Watertown officials believe they have found a seldom used way to meet the state’s affordable housing requirements, which would mean developers could not build high-density residential projects without having to go through the town’s normal zoning rules.
The state law made to encourage the creation of affordable housing, often called Chapter 40B or just 40B, requires towns with less than 10 percent of its housing units that are officially designated as affordable units to allow projects with 20 percent or more affordable units to be approved in a streamlined process. Meeting the requirement is known as reaching “safe harbor.”
Watertown has not reached the 10 percent threshold. There is, however, a second method to reach safe harbor, which is having 1.5 percent or more of a community’s land devoted to affordable housing. Assistant Town Manager Steve Magoon said that he believes Watertown meets that requirement, and by a fair margin.
The calculation came after the submission of a project in Watertown to the state’s Department of Housing and Community Development (DHDC) by a developer looking at a project at 19 Coolidge Hill Road.
“We had a deadline to assert that we had met that criteria or not,” Magoon said. “We did the calculation and we came up with 2.29 percent.”
Watertown’s safe harbor assertion was brought to the Zoning Board of Appeals on Oct. 23, which voted to officially assert the safe harbor, and to continue the hearing on the project until the ZBA’s January meeting (which had already been agreed upon by the Town and the developer, Magoon said).
The developer of the property at the corner of Coolidge Hill Road and Arlington Street submitted the project to the DHDC in July. The application calls for creating a building with 113 rental units on the 0.9 acre lot, and would have 28 affordable units. Also, the developer has had a community meeting about, but has not officially submitted, an alternate project on the site to create a self-storage facility on the same property.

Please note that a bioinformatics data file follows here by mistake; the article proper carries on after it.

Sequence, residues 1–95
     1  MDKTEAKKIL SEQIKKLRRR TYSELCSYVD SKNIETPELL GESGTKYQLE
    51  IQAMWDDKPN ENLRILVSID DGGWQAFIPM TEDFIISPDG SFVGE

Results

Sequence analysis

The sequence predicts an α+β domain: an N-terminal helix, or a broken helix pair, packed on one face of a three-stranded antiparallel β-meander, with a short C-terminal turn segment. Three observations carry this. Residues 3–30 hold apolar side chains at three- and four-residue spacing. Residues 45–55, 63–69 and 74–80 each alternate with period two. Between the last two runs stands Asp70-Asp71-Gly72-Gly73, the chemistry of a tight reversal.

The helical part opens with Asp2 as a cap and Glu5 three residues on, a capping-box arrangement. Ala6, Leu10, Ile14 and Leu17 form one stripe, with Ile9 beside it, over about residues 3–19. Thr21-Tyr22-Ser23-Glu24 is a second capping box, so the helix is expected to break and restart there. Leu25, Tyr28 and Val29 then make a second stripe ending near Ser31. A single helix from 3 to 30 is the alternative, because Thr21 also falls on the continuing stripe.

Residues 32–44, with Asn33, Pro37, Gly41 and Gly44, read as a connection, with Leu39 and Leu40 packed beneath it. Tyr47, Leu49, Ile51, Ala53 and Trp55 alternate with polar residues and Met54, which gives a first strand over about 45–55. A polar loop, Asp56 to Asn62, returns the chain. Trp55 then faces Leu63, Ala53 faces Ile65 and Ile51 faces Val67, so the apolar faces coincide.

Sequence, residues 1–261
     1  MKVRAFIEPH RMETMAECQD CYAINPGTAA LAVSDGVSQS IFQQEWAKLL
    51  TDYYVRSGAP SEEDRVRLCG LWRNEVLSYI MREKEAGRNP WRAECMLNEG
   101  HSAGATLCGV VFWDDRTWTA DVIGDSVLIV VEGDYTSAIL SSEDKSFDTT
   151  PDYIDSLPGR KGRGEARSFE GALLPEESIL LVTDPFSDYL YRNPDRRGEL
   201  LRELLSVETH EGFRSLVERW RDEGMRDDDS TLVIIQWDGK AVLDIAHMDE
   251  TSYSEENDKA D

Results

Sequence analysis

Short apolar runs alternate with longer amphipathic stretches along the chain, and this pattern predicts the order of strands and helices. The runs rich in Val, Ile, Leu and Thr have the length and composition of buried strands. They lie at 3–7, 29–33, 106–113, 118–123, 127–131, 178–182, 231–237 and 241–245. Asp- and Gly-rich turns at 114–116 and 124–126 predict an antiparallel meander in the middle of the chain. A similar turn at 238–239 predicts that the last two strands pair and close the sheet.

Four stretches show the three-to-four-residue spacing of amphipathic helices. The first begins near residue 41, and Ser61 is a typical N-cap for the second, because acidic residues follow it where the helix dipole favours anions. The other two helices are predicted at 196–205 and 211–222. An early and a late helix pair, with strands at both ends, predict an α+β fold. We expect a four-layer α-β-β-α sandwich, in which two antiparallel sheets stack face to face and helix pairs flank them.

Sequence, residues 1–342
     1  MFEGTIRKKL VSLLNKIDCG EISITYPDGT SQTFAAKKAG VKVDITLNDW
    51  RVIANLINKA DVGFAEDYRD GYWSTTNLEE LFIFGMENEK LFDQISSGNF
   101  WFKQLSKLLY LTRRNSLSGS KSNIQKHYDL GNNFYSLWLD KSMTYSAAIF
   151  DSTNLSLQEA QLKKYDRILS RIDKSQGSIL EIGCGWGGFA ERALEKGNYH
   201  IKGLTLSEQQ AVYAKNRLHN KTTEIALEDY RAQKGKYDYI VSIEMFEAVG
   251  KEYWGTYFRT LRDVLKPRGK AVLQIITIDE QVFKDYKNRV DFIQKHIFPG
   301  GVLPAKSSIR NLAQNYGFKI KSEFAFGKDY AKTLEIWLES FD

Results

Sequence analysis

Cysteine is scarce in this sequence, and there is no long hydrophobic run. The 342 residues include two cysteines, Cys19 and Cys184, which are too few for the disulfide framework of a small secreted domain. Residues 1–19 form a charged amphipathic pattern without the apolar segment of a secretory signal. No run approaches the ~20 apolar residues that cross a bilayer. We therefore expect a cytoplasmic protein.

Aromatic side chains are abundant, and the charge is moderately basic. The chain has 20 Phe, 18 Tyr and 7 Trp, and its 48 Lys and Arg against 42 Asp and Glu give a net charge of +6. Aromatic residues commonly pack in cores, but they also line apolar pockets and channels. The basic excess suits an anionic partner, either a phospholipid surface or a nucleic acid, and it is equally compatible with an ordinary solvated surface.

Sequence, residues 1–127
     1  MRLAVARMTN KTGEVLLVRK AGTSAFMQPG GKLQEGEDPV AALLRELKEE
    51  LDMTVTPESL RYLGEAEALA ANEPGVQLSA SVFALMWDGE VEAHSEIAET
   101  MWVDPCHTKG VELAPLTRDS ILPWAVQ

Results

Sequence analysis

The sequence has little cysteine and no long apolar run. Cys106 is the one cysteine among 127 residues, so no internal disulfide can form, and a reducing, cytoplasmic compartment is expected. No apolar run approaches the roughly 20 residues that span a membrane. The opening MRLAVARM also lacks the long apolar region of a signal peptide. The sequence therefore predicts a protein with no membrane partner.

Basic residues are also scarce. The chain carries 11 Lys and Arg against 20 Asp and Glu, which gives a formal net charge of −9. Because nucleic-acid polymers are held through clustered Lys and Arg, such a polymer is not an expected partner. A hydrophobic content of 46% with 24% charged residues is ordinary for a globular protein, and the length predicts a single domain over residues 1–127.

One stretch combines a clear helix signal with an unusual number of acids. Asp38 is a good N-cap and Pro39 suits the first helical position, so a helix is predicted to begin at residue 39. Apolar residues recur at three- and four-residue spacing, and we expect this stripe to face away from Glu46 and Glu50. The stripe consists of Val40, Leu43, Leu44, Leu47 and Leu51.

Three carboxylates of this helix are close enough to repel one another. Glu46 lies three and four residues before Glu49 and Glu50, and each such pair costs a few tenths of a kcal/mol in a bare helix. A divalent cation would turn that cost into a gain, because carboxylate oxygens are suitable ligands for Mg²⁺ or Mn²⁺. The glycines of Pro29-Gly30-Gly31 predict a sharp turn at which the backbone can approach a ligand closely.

Magoon said he informed the developer about the Town asserting safe harbor on 40B, but did not immediately get a response. The developer can appeal the assertion, which would mean Watertown officials would have to prove to the state their claim for having more than 1.5 percent of the land for affordable housing.
Proving the safe harbor will be a challenge, but Magoon said he believes the Town will be approved.
“Not a lot have asserted (they met the land area standard) and even fewer have had it approved,” Magoon said. “It is certainly not a slam dunk, but I feel pretty comfortable we are there.”
What goes into the calculation is complex, Magoon said. While Watertown is slightly more than 4 square miles in area, only the developable land is used as the basis for the calculation. Parks, waterways, roads, and town-owned property do not count.
For most buildings with affordable units, only the area of the affordable portion is counted, unless it has more than 25 percent for affordable housing. Then they can count the entire building, Magoon said.
Watertown would not be the first community to use the land area method to gain safe harbor, but only a handful have done it. Only three communities had received that designation as of 2007, according to a document from the Town of Acton, while 51 communities qualified by meeting the standard of 10 percent of all units being affordable.